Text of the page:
10 clues that your hiring process is in need of a 21st century "social" tune-up

By Christopher M. Simone, VP of Sales at Treeline, Inc.

Mother's Day is coming up… a day for us to celebrate and cherish our mothers and those who love and have nurtured us as only mothers could. (note to self, send a link of this blog to Mom). It is also a day when our moms want to hear about what we are doing and how well we are making our way through life.

While my mother would listen with interest and kindness when I told her that I switched jobs (again), she would be very confused when I told her I found my new job because one of my friends Tweeted about a hot company that was hiring, so I started following them on Twitter (while driving), connected with them on Facebook, read blogs about them on Glassdoor.com, watched videos about them on YouTube, watched a Podcast that I found on their website, chatted with my Friend through my iGoogle page about the job posting (which I found on a social recruiting site), emailed my video resume from my smart phone, had an interview over Skype, and connected with the hiring manager on LinkedIn – who, incidentally, got a great backdoor reference from the manager that I worked for two jobs ago and who has already visited my wall.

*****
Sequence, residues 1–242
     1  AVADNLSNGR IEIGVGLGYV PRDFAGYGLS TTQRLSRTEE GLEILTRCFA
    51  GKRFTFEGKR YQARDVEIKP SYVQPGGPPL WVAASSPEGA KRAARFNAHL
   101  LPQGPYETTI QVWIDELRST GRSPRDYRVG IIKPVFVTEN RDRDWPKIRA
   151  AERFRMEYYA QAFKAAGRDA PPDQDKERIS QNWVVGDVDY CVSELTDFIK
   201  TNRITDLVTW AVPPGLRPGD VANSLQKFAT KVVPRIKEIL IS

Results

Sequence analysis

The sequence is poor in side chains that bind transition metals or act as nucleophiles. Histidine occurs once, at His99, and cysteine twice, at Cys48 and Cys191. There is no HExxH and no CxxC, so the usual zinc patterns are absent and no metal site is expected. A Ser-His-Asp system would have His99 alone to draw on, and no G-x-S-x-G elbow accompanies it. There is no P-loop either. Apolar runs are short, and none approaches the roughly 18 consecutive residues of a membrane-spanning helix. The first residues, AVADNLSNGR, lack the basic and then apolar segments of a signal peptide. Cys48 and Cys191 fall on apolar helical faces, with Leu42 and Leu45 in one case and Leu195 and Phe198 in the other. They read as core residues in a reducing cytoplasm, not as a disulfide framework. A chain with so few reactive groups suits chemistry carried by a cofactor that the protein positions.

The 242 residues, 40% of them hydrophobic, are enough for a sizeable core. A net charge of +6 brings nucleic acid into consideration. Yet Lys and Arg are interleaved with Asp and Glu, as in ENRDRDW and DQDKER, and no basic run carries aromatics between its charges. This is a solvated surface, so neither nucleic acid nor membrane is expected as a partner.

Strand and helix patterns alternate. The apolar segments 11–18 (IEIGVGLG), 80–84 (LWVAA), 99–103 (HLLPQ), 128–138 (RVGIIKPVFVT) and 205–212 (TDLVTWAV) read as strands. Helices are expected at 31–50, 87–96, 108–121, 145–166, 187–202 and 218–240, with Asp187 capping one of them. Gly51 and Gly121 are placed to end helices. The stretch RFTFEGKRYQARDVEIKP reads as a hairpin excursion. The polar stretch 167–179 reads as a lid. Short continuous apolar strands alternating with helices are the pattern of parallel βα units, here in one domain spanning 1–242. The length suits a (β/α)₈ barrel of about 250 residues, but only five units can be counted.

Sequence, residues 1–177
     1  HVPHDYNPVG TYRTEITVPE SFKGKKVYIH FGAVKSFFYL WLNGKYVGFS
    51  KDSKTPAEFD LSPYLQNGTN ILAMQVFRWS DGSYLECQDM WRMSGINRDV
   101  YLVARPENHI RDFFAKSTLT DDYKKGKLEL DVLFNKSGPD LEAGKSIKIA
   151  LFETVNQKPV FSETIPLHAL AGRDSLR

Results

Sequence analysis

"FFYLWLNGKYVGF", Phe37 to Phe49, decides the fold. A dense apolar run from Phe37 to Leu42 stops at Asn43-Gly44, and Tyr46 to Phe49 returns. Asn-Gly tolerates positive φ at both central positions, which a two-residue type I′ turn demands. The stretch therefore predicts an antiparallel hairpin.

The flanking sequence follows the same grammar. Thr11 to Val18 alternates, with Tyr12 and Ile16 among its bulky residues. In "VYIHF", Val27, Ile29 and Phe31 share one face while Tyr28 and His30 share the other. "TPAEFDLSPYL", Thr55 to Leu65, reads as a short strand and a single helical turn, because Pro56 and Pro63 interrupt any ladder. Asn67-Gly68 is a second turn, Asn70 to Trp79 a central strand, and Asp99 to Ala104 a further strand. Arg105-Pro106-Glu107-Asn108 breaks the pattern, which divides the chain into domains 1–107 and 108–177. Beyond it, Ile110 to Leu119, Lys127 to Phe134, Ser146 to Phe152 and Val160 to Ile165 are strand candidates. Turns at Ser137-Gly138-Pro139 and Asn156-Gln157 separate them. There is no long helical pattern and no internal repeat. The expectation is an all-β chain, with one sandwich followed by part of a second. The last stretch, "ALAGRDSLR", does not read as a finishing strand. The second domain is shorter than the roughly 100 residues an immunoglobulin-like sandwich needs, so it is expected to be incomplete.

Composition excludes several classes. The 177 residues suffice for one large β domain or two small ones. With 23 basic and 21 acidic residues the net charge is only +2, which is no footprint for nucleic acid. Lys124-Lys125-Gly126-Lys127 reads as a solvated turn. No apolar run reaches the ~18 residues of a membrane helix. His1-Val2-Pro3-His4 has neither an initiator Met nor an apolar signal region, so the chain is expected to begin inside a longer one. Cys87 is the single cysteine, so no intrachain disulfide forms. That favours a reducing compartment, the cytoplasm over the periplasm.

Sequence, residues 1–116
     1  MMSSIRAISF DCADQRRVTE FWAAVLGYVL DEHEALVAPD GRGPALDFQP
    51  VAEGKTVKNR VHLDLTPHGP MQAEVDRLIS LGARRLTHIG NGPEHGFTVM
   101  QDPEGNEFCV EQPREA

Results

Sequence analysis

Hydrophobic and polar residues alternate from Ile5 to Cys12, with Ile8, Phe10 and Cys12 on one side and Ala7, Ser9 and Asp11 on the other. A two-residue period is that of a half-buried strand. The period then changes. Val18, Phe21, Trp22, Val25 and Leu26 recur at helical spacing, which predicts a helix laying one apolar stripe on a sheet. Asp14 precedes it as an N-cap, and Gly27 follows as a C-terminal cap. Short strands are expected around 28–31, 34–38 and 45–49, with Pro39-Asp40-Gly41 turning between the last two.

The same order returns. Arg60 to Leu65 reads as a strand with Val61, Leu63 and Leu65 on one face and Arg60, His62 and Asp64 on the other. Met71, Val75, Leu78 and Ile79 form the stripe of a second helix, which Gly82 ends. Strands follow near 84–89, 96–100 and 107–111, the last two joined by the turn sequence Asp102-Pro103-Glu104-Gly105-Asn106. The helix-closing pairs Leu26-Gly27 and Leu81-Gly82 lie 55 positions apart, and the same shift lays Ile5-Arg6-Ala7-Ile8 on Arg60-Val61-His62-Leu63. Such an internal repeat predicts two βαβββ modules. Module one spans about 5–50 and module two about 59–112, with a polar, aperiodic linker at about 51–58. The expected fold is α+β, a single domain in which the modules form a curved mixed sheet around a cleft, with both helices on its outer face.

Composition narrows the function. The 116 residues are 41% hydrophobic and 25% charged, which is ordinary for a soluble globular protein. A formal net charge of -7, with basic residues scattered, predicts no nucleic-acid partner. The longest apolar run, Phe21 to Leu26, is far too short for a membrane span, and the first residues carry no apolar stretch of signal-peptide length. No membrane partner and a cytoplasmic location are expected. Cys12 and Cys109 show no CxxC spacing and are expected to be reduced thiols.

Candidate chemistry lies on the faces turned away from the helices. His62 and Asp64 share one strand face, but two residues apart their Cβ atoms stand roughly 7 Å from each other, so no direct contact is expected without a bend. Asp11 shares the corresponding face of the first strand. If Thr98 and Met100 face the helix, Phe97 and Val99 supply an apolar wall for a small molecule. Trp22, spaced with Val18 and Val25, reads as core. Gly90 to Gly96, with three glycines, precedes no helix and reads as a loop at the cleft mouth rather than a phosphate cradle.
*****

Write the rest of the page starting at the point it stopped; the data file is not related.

Now, imagine if I told her that I wore jeans to the final interview and met the CEO who was dressed the same. Forget about it…

My mother and I never had this specific conversation, but there are hip mothers and fathers everywhere scratching their heads wondering what happened to searching the job boards, and grandmothers and grandfathers everywhere scratching their heads and wondering what happened to reading the Help Wanted section in the Sunday newspaper?

Now some people, including me, intend to holdout for the perpetuation of formal interview attire, but the rest we'll just have to embrace. Recruiting in the 21st century is different, a lot different. Change is in the wind, and the wind is blowing in the same direction as strong forces and macro trends.

The Bureau of Labor Statistics has compiled very interesting data about job stability and transitions; this research has been conducted over long periods of time. There are different interpretations available but the data unequivocally reflects that the average number of job changes and careers per adult has increased from a few to many. Also, the average American's tenure at each job has substantially decreased. While the economic downturn complicates the extrapolation of these results in determining current millennial generation behavior, data strongly suggests that the trends are accelerating; meaning that the job search is nearing a constant cycle. Simply put, the job search is always on (and is fostered and reinforced by the social media and social networking sites that comprise the "social layer" being engineered into our lives).